An experimental drug called LED209 may one day help cripple drug-resistant bugs, according to results of experiments on mice conducted at the University of Texas Southwestern Medical Center in Dallas.
"We are getting into a post-antibiotic era with no new ammunition. There's not going to be one magic bullet out there; however, doing something like this, we are not speeding the process (of antibiotic resistance) too much," New Scientist magazine quoted Vanessa Sperandio, a microbiologist, as saying.
She said that her team's experiments showed that blocking a bacterium's ability to sense human hormones could shut down its infection genes, and cripple its ability to kill mice.
The researcher revealed that LED209 was found to prevent bacteria from detecting two hormones key for mounting an infection, adrenalin and noradrenalin, without which pathogens like E. coli 0157:H7 could not churn out toxins or infiltrate animal cells.
When the researchers exposed mice to E. coli 0157:H7 or Salmonella, rodents that received the drug before infection fared far better than mice that received no antibiotics.
The team said that more animals survived, and there were fewer bacteria in their organs.
The researcher further revealed that the drug did wonders when they administered it to the mice several hours after infecting them with the disease tularaemia, a potential bioterror weapon that can kill humans.
They said that four-fifths of the animals survived, while just 10 per cent of the untreated mice pulled through.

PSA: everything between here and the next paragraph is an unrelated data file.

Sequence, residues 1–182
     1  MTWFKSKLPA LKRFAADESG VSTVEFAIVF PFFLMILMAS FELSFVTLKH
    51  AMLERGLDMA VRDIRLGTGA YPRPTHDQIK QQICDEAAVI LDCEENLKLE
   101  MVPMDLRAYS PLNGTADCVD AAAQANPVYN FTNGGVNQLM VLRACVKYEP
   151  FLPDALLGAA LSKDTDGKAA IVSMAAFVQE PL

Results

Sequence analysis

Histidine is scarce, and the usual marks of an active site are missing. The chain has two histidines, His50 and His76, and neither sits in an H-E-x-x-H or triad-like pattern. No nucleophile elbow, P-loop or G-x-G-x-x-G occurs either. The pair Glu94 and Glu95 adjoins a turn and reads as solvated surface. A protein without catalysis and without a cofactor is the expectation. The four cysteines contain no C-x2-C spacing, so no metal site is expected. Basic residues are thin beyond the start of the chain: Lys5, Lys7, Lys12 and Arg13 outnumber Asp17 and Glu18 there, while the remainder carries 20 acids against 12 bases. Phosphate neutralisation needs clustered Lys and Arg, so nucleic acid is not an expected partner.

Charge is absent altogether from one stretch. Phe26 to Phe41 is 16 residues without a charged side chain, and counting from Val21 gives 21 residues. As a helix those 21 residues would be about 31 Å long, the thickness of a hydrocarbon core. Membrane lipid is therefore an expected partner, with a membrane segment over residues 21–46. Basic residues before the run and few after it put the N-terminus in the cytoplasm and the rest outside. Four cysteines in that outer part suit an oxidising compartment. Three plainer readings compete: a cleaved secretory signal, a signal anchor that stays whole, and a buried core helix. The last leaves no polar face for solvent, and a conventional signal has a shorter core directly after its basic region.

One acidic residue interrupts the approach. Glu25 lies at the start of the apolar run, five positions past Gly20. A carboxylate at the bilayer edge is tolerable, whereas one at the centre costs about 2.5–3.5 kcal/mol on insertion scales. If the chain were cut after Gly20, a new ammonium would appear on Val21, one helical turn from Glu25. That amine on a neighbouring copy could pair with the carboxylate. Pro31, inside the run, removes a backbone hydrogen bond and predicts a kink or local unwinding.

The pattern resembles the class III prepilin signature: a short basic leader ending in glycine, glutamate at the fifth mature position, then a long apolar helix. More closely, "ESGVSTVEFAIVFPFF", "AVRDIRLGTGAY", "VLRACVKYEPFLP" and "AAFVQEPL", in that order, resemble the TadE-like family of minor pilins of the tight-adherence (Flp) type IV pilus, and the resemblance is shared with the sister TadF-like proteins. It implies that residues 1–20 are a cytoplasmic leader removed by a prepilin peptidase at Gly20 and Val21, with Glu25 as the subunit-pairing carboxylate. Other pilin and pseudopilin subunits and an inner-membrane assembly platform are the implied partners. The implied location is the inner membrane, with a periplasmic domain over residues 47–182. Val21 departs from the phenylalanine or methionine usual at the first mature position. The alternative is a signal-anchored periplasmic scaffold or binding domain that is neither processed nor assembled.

Vanessa believes that the drug should also fend off a wide range of bacterial killers because it targets a protein called QseC, and bacteria that cause pneumonia, bubonic plague and several plant diseases have versions of QseC similar to E. coli's.
Since LED209 does not kill bacteria, the one bug in a billion that's lucky enough to be resistant to the drug won't get much of a growth advantage - the key to antibiotic resistance.
"You're not wiping the other ones out. You're having a softer evolutionary pressure against resistance," Vanessa says.
She, however, said that any test in humans was at least 5 years off, and that the actual wait would depend on how the drug faired in further animal studies.
"If we're lucky and we have a breakthrough, that'd be great. I'd rather be conservative," she said.
Her study has been published in the journal Science.